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Dalhousie Pozzolan



Dalhousie pozzolan is a rock made of volcanic ash ejected about 400 million years ago by the active volcano of Mount Sugarloaf. This rock can partly replace cement, with no processing other than grinding, and reduce the amount of clinker (calcined limestone) used in the production of Portland cement.

Purpose of the project

The objective of the project is to provide the cement industry with a very low carbon footprint cementitious material that will reduce the clinker-cement ratio and thus reduce the need for clinker, the production of which is the source of significant greenhouse gas (GHG) emissions.

When limestone is calcined in a cement plant kiln, its decomposition under the effect of heat leads to the production of carbon dioxide (CO2). Since the ground pozzolan does not need to be calcined, all emissions related to the decomposition of the limestone as well as those related to the use of fossil fuels for heat production will be avoided.


Reduction of GHG emissions from the cement industry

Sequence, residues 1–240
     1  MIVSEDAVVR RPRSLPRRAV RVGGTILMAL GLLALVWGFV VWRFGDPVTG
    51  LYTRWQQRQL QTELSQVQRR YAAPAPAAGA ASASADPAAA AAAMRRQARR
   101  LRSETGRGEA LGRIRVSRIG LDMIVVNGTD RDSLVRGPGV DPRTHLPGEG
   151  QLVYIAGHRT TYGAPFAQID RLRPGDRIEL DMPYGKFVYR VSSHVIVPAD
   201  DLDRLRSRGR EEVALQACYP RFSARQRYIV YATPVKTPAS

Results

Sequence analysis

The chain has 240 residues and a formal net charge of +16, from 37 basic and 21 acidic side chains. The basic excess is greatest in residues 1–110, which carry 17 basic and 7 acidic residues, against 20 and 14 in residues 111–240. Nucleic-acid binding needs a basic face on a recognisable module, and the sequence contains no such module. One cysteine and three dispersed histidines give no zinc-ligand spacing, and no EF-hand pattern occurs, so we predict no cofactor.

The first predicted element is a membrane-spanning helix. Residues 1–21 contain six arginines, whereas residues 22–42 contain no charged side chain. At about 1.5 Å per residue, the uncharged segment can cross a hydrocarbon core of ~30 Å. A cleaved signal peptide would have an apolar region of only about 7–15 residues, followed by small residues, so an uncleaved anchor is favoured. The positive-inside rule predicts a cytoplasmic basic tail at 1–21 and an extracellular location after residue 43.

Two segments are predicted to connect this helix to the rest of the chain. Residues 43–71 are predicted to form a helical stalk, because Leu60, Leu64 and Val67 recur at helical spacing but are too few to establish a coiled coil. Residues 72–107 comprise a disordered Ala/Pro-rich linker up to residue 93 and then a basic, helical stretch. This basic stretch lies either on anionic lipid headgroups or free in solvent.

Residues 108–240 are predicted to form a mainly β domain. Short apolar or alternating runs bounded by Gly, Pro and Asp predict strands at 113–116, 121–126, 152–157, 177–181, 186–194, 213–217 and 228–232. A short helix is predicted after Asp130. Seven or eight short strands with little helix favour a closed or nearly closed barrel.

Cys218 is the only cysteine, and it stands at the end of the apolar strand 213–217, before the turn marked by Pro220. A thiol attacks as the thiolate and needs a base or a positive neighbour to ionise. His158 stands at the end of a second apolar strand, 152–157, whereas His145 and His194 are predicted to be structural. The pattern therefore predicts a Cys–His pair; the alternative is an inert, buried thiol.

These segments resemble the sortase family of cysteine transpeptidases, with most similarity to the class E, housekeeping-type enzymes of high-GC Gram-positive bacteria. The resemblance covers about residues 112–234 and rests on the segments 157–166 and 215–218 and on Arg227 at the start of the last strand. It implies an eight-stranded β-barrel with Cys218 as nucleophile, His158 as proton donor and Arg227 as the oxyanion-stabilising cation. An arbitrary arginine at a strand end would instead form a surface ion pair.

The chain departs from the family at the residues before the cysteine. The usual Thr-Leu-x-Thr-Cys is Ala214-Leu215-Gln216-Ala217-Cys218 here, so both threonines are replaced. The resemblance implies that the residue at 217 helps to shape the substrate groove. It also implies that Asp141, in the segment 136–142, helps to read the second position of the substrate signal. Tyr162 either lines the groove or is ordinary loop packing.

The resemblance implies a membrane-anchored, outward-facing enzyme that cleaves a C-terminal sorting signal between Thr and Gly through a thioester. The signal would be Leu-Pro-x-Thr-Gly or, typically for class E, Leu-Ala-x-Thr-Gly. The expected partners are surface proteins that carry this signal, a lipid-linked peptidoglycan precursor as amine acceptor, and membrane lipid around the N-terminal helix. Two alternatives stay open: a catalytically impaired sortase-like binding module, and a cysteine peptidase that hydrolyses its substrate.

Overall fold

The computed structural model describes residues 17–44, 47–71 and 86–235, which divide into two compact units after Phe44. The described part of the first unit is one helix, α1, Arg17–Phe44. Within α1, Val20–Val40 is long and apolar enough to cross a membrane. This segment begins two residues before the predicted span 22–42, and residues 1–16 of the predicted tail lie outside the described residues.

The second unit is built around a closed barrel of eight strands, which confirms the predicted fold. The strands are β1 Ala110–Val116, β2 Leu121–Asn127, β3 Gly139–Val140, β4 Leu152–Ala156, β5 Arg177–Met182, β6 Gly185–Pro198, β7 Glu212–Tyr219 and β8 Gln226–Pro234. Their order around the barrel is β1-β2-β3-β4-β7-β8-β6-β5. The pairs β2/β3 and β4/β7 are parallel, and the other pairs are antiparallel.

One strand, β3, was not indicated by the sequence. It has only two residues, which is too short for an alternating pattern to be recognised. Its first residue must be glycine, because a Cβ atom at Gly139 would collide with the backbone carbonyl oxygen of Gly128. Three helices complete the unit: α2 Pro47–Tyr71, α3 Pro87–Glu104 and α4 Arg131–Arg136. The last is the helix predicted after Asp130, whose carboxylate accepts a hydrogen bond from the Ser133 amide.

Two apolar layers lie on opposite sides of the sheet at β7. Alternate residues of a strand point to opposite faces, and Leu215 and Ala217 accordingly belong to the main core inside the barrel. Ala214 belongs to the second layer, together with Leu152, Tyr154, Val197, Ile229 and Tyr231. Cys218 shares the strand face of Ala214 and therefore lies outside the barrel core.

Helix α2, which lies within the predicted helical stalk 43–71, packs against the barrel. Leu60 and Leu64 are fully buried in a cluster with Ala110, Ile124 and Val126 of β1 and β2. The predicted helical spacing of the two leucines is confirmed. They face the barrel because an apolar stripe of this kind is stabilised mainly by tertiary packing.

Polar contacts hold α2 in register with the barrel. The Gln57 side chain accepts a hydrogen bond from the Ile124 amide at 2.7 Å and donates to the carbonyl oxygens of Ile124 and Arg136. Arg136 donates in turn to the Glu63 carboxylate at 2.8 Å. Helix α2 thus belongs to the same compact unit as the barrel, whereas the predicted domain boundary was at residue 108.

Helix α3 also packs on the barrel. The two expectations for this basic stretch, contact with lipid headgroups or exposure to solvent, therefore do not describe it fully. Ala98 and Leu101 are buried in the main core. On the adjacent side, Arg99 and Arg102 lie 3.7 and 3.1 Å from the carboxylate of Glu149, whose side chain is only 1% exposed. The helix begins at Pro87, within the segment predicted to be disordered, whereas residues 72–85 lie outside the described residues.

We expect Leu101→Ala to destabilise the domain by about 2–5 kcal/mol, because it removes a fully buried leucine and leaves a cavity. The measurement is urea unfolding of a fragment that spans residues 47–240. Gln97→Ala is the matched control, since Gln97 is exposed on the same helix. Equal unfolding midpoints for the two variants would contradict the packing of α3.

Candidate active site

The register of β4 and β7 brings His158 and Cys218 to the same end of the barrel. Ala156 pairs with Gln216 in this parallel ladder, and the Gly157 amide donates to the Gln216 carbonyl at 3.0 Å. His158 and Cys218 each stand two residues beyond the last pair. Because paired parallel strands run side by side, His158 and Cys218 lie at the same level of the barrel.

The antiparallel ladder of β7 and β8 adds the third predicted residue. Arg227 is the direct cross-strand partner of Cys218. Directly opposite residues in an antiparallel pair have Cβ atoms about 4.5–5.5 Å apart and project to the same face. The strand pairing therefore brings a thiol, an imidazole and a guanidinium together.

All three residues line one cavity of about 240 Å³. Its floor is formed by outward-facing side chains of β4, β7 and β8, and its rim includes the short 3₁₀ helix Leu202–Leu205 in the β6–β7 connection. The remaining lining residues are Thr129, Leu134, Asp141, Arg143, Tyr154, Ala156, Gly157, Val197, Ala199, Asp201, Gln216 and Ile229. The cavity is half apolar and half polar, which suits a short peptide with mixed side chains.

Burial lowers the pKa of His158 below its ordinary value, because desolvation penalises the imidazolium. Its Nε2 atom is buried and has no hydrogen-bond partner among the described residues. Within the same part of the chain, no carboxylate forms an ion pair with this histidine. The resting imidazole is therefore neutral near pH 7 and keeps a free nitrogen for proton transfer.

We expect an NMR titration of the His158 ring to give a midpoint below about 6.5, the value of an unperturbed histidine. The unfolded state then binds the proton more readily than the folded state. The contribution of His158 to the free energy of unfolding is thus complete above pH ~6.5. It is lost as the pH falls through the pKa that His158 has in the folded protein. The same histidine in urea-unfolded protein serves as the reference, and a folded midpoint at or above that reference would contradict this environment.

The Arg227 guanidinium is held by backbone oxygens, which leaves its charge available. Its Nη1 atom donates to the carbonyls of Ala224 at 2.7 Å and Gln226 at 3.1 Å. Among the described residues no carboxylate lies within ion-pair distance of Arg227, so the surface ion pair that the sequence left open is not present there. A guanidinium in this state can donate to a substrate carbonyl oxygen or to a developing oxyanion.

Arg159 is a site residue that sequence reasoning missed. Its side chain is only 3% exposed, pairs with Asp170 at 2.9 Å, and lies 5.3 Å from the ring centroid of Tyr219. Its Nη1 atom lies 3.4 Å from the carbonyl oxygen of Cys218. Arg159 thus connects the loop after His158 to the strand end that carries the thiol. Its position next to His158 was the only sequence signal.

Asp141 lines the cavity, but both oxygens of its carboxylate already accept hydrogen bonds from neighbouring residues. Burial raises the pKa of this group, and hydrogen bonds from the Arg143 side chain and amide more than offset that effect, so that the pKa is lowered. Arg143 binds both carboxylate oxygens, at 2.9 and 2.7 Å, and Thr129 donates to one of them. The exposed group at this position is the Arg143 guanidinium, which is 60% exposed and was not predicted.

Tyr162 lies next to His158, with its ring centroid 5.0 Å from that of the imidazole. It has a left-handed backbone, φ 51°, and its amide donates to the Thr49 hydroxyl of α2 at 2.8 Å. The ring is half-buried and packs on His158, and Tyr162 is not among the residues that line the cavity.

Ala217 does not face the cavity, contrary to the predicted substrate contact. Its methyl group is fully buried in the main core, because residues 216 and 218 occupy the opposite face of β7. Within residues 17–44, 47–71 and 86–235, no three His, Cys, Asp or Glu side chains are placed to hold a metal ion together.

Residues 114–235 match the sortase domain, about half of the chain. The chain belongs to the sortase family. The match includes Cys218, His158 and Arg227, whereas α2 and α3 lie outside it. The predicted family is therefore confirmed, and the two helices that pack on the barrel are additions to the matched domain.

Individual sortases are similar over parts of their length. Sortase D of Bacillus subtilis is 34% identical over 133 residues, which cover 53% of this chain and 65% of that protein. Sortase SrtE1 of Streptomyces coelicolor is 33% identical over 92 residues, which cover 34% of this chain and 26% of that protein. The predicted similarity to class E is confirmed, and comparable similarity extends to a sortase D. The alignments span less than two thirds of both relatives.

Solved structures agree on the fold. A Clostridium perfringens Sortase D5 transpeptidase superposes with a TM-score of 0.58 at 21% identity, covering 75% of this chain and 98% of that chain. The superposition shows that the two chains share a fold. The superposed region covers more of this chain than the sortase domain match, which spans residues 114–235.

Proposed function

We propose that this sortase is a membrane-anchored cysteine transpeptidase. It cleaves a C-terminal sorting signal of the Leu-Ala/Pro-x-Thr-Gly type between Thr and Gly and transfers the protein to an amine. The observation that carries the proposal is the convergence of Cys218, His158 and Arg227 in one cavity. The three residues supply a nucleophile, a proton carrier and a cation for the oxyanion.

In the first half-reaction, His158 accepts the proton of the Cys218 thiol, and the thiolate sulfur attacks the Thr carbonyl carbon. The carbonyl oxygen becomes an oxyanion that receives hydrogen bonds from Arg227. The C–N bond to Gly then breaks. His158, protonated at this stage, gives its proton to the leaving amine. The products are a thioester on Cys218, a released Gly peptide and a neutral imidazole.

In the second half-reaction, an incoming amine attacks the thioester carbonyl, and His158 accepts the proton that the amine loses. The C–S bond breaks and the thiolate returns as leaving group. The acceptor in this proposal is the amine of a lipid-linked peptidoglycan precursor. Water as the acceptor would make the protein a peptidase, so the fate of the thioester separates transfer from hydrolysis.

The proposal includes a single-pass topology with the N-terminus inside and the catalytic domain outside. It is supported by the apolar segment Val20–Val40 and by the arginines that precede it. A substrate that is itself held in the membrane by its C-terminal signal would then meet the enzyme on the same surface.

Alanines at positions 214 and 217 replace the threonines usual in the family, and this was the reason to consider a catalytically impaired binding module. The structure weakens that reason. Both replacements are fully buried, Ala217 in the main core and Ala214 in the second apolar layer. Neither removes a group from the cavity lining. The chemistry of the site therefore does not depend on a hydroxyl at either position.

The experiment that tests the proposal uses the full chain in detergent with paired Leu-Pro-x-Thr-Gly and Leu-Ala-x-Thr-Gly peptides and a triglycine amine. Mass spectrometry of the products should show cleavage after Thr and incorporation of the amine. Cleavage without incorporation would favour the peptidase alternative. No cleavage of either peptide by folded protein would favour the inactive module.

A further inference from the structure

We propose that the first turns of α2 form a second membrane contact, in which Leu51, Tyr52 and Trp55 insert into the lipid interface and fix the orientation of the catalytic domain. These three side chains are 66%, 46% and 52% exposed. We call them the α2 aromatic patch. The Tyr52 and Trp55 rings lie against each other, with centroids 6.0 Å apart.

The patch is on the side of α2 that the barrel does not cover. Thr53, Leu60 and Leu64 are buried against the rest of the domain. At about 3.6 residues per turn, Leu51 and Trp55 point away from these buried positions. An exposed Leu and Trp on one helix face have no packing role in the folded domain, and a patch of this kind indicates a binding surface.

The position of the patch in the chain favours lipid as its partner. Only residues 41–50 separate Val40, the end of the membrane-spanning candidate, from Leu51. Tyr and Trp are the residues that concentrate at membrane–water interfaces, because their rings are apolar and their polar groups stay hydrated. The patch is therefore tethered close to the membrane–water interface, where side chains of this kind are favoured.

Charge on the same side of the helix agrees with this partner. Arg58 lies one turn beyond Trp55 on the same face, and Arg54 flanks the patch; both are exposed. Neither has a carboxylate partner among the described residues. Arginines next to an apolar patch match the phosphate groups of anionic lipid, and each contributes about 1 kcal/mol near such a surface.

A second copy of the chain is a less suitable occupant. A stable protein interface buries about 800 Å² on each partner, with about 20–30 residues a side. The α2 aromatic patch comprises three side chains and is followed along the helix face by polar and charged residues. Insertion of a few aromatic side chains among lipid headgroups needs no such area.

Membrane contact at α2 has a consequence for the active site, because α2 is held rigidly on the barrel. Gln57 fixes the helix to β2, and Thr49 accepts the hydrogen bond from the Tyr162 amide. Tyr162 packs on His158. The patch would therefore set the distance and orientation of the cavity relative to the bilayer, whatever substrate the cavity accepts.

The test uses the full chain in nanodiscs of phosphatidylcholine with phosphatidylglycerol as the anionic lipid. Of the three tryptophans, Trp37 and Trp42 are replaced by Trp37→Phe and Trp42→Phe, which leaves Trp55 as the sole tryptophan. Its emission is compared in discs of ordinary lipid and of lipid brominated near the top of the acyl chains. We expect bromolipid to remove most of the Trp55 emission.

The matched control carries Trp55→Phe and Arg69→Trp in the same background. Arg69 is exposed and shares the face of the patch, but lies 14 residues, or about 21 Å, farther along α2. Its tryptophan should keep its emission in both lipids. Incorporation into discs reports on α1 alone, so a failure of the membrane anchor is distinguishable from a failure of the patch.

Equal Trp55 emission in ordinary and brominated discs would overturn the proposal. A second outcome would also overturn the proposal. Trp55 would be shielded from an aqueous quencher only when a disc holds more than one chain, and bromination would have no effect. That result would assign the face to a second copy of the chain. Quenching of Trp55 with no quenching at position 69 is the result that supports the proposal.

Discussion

Dalhousie Pozzolan project has the potential to reduce the cement industry's GHG emissions up to 4 megatonnes per year, starting in 2026, without imposing without significant increases in production costs on cement plants so they remain competitive.

Gains for cement plants

On average, the production of one ton of clinker results in about 0.8 t of GHG emissions. Pozzolan could replace up to 30% of clinker, reducing the GHG emissions associated with its production by almost as much. Moreover, this substitution would have no major impact on the cost of cement production. 


Availability of pozzolan

Before 2026, it will be possible to supply this material in the form of crushed stone, which must however be crushed by the buyer.


The pozzolan deposit has been identified in Dalhousie, at the northern tip of New Brunswick, on the shores of Chaleur Bay and at the mouth of the Restigouche River (Canada).

​Dalhousie Pozzolan project benefits from the presence of existing major infrastructure, including a port opening onto the Atlantic Ocean that can accommodate 30,000-ton ships year-round, a railway, a former industrial site, and finally the quarry itself which has been in operation for several decades to meet certain needs for regional aggregate.


Progress of the project

Analyses of the chemical composition of several stone samples taken from the site have been carried out to date, as well as tests on concrete incorporating this pozzolan. These tests have shown that the presence of the oxides that qualify the rock as natural pozzolan was consistently higher than the required standard, and that the 7 and 28 day strength of the concrete incorporating this pozzolan also exceeded the acceptance standards.
Further testing is currently underway by both the Dalhousie Pozzolan Project proponents and cement producers interested in this clinker substitute. 

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